The ruling was based upon arguments that came before the court prior to the seating of Justice Neil Gorsuch.
Senate Republicans are leaving the women of the United States in limbo on several crucial issues with their stance against any high court nominee by President Obama.
Pundits and politicians like to make each presidential election seem like the end-all of American politics, and yet one of the elections that has had the biggest impact on our everyday lives was the midterm election of 2010, according to the "Full Frontal" host.
Given the high environmental stakes, it's not surprising that green groups are applying heavy scrutiny to potential replacements for Antonin Scalia, who unexpectedly died last week.
On "The Late Show With Stephen Colbert" on Monday night, the comedian recalled a memorable moment he spent with the late Supreme Court justice.
Justice Antonin Scalia's death Saturday means that President Obama or his successor—if that successor is a Democrat—could overturn the current conservative majority on the court, which could lead it to revisit many of the most troubling decisions of recent years.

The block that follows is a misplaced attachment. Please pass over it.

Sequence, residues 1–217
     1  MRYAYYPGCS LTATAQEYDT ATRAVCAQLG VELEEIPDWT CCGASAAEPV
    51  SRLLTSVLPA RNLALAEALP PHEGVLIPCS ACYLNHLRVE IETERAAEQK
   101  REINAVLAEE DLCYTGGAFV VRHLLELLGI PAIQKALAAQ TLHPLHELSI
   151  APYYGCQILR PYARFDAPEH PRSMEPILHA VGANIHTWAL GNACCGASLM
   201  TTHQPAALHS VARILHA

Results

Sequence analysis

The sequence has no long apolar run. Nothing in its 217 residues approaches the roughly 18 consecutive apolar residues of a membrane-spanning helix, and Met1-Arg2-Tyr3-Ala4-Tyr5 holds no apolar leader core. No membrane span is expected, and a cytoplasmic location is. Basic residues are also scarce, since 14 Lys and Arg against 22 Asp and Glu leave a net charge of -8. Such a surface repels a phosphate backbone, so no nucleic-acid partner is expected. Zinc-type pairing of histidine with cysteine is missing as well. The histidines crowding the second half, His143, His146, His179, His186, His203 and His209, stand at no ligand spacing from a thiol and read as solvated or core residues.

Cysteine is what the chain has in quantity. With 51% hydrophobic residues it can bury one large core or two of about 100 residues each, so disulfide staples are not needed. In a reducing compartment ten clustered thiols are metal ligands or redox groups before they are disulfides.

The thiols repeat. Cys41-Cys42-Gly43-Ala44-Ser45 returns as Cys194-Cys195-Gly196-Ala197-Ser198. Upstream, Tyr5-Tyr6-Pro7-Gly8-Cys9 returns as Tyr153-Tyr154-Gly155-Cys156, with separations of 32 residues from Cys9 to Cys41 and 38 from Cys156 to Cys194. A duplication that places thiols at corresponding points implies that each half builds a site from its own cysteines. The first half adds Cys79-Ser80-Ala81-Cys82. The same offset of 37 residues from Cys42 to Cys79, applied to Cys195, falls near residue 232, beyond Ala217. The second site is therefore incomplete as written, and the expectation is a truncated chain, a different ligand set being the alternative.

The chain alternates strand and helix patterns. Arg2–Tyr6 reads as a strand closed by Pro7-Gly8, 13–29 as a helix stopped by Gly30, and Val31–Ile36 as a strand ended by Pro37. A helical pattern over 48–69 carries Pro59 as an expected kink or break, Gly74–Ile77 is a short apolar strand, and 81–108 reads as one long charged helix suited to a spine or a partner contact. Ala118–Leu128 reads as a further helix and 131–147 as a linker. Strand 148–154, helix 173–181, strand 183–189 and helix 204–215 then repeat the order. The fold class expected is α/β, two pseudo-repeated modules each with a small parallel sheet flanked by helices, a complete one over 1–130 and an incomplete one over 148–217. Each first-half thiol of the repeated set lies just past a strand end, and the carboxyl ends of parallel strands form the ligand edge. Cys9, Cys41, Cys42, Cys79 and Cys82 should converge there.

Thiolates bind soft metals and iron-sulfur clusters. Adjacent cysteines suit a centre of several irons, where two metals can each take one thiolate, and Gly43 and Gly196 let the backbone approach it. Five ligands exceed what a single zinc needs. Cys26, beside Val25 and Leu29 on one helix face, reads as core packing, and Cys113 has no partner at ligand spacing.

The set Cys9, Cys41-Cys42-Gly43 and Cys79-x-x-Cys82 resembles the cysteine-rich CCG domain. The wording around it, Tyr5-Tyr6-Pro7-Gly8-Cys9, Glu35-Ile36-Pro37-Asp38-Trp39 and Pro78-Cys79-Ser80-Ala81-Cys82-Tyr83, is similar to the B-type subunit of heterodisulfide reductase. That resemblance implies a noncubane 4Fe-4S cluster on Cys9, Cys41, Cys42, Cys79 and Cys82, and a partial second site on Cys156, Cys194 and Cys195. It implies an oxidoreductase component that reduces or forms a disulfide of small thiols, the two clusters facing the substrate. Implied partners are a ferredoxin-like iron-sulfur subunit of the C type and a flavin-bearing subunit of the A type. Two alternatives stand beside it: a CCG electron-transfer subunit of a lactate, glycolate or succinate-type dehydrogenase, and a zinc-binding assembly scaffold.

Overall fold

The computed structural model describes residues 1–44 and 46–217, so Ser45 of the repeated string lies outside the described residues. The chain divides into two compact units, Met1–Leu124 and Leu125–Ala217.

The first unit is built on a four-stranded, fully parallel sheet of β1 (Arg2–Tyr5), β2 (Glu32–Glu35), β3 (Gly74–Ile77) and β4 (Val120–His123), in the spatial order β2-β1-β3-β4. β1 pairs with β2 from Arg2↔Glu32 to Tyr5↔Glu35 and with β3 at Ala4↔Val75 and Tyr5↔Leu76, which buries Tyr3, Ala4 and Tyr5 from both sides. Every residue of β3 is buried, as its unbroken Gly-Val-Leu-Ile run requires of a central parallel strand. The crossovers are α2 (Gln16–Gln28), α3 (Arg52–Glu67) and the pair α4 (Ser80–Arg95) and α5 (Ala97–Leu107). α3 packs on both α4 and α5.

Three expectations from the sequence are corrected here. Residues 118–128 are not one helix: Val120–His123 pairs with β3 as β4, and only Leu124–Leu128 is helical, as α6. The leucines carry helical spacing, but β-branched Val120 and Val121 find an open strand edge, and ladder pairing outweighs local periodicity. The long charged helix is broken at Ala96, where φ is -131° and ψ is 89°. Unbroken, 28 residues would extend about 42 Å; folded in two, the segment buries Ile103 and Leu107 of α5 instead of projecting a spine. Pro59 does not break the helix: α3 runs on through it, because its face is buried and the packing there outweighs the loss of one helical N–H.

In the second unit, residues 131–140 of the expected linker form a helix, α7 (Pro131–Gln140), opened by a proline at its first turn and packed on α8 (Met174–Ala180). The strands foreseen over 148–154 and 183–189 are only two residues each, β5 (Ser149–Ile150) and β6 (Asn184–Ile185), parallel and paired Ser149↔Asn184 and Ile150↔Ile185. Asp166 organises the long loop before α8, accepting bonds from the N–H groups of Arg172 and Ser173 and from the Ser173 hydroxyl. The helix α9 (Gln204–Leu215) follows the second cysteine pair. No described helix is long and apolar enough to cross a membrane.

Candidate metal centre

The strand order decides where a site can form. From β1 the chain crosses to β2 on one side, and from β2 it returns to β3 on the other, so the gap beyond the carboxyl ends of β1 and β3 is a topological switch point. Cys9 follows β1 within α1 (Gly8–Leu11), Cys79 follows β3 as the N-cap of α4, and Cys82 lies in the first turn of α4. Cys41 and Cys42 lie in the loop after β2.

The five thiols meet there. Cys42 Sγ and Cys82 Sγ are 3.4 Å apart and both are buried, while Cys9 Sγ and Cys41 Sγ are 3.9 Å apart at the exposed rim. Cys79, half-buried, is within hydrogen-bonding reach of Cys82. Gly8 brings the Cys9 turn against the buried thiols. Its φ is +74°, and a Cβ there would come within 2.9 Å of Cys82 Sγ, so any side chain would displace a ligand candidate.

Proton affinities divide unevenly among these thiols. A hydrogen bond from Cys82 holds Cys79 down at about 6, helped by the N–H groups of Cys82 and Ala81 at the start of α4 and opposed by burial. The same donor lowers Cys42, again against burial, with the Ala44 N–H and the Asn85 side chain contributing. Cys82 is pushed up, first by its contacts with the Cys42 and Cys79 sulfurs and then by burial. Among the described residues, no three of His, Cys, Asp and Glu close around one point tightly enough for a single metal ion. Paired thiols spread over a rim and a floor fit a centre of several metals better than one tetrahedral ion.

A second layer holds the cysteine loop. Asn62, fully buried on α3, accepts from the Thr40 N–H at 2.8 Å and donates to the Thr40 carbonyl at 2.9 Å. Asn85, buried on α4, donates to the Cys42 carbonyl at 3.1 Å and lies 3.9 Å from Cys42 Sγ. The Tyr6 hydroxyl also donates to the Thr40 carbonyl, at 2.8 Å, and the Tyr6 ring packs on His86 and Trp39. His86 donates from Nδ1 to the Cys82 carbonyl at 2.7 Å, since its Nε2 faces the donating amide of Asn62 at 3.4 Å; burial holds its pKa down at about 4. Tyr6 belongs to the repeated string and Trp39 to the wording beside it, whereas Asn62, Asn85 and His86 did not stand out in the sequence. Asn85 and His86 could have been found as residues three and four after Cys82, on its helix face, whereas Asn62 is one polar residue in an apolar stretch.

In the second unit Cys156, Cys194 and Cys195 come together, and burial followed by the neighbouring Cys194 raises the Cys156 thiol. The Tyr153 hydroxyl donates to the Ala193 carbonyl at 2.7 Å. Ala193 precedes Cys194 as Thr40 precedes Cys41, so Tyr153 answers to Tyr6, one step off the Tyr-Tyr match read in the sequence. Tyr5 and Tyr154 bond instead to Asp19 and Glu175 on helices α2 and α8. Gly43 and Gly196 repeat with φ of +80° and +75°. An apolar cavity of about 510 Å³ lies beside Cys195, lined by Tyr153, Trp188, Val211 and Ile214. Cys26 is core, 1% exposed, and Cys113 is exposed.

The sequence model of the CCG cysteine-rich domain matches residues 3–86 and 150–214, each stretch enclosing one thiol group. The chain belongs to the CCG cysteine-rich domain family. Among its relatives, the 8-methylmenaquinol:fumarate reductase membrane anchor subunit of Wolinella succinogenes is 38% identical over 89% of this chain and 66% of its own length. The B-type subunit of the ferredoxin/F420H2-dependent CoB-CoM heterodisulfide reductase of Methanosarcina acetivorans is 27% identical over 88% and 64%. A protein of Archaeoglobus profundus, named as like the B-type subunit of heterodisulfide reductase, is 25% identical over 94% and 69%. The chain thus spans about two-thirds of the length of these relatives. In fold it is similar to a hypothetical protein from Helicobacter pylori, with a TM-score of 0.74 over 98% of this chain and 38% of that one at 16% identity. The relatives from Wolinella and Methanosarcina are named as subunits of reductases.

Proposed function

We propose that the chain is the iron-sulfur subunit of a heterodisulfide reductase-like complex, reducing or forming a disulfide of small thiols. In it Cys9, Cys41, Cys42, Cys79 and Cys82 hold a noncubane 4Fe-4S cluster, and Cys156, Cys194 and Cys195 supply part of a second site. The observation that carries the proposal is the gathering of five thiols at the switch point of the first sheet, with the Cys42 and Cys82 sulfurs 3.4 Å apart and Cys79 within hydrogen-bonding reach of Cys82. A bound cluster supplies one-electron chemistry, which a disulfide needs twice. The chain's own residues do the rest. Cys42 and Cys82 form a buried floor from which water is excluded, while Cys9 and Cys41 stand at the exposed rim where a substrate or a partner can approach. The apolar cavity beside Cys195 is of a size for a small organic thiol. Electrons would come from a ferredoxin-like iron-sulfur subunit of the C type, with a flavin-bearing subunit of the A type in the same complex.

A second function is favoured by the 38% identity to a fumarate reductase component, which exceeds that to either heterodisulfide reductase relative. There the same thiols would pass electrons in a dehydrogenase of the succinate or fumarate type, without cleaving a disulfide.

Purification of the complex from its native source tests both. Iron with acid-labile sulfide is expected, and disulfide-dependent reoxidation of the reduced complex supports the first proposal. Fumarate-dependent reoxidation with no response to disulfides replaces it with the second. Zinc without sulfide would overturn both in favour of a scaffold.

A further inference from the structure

There is no guarantee that the successor to the late Justice Antonin Scalia will be a liberal. But only if Ted Cruz wins the presidency can we expect a nominee as hard right as Scalia.
The end of the U.S. Supreme Court’s term has brought some big surprises for sure, but should either end of the political/social spectrum get excited about what the major decisions might mean?
Supreme Court Justice Antonin Scalia once held that one of two North Carolina men who were freed this week after decades due to DNA evidence should be killed under the death penalty; a "war" within Israeli Prime Minister Benjamin Netanyahu's government is breaking out; meanwhile, a human rights lawyer was recently arrested after standing on a sidewalk during a pro-Palestinian rally in New York City while waiting for her children. These discoveries and more after the jump.
A look at the day's political happenings, including Stephen Colbert's response to a poll that shows South Carolina voters want him in the Senate and why the Koch brothers postponed a major meeting.